I overindulged at a church book sale today, and followed it up with a little thrift store chaser. I brought home enough loot to build this little inbooksuk (non-Canadians see: inuksuk). The real gem of the lot is a ginormous coffee table book on the Mayan civilization. The thing weighs over three kilos. Lucky for me it was only $3 because it’s in Spanish (though it’s from a German publisher). I also got some brand new books on trees and a nicely bound edition of Poe which you can see at the bottom left. Great would be the fall if it were pulled out of my inbooksuk! Here’s what I got (from top to bottom):

Guide to Common Mushrooms of British Columbia by Bandoni & Szczawinski (not that I would dare to eat any without expert guidance but it would be nice to have some idea of what they are)

Hare Brain Tortoise Mind: Why Intelligence Increases When You Think Less by Guy Claxton (intriguing, no?)

Tree: A Life Story by David Suzuki and Wayne Grady with artwork by Robert Bateman (because I love trees)

The Culture of Make Believe by Derrick Jensen (which I gather is an indictment of organized violence in modern Western civilization)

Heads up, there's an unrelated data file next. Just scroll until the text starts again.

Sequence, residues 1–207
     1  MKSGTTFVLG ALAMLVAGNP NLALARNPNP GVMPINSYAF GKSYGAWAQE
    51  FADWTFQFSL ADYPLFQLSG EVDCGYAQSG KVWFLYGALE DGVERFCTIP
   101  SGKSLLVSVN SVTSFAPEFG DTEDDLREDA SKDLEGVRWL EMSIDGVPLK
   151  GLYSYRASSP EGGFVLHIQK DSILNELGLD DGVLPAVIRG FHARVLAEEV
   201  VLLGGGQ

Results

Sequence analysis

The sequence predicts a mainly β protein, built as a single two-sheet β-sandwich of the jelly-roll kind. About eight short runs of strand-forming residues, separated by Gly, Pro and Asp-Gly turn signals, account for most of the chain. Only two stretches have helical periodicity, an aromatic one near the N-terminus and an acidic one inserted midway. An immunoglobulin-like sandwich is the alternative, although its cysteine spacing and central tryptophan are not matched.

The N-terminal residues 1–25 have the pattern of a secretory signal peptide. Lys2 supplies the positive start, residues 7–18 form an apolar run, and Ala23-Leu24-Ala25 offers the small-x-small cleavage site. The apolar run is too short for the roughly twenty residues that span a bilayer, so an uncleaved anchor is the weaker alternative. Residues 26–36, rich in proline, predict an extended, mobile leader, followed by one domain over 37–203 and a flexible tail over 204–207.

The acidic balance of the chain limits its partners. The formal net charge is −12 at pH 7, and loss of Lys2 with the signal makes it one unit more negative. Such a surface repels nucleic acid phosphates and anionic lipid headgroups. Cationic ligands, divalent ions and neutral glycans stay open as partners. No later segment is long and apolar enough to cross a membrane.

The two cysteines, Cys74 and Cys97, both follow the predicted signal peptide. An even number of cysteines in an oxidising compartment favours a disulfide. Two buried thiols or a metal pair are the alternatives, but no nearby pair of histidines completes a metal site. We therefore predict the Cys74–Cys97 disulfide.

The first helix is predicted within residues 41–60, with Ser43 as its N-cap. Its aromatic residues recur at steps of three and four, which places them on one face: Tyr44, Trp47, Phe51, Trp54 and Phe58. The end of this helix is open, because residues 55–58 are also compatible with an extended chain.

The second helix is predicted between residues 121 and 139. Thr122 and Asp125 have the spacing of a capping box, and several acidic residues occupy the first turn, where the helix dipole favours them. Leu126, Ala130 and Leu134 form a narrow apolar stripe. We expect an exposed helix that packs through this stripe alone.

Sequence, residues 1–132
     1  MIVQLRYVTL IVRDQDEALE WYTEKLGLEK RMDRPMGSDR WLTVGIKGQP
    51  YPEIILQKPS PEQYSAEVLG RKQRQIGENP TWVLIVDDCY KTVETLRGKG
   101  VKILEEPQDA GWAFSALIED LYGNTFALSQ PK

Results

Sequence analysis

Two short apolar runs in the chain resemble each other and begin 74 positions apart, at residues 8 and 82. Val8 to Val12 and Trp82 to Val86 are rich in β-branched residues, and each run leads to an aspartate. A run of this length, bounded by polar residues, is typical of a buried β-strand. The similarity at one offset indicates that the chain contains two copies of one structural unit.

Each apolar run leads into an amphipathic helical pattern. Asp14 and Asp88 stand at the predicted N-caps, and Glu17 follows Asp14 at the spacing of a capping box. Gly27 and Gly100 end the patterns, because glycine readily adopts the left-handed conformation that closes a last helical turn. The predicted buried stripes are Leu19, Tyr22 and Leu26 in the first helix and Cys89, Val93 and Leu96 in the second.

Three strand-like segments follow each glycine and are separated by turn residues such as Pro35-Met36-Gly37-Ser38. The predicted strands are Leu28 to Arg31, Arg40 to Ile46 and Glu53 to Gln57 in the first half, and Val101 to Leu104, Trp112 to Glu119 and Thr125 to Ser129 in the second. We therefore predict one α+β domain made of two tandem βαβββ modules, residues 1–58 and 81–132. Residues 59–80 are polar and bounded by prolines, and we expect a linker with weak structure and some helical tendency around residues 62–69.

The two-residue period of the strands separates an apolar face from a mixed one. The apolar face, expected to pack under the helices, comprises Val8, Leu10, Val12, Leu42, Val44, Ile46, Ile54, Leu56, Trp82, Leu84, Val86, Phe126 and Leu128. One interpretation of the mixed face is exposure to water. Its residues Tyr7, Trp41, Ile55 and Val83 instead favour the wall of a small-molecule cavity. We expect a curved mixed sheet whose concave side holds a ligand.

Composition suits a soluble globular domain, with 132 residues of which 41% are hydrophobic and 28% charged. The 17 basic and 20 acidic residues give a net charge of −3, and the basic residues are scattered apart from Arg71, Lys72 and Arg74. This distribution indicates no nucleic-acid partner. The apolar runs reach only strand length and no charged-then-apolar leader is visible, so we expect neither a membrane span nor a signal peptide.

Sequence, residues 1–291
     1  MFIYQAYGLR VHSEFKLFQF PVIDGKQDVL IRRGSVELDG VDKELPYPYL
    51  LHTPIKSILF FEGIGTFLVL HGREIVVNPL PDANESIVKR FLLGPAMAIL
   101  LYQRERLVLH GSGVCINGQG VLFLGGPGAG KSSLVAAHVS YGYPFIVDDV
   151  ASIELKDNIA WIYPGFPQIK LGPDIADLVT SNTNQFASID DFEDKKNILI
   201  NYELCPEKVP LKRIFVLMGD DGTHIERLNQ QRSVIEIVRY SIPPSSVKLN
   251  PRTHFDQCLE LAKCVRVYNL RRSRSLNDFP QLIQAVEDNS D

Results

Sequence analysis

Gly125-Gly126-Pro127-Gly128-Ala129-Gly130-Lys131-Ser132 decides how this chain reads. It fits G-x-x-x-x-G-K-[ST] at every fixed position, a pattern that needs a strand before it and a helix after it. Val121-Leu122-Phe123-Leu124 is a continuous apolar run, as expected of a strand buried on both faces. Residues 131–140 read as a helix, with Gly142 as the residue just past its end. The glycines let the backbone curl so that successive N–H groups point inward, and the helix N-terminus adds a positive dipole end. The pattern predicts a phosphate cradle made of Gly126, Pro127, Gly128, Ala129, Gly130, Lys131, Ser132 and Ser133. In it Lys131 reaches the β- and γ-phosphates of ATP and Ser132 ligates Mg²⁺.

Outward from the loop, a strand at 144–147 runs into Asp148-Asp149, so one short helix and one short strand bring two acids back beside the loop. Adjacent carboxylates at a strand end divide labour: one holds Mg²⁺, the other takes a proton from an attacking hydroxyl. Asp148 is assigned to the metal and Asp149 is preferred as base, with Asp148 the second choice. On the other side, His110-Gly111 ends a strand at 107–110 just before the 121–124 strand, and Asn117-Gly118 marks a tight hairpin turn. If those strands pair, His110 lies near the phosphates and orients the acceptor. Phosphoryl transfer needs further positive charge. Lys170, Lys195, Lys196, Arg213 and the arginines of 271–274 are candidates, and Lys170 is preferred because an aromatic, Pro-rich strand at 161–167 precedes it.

Peace: A Dream Unfolding edited by Penny Kome and Patrick Crean (an illustrated history of peace movements)

Los Maya: Una Civiliación Milenaria edited by Nikolai Grube, Eva Eggebrecht and Matthias Seidel (gorgeous)

The Complete Encyclopedia of Needlework by Thérèse de Dillmont (because you never know when you might need to weave a tapestry)

The Natural Way to Draw: A Working Plan for Art Study by Kimon Nicolaïdes (because I keep thinking I will take up drawing)

Picardía Mexicana edited by A. Jiménez (a book of funny stories and jokes, good Spanish practice)

David Suzuki: The Autobiography by David Suzuki (of course)

Wildwood: A Journey Through Trees by Roger Deakin (did I mention I love trees?)

The Fountain of Age by Betty Friedan (because I ain’t getting any younger)

Aztec by Gary Jennings (supposedly an epic “historical” potboiler on par with Shogun, with lots of human sacrifice)

The Fall of the House of Usher and other stories by Edgar Allen Poe (possible candidate for R.I.P. 2012)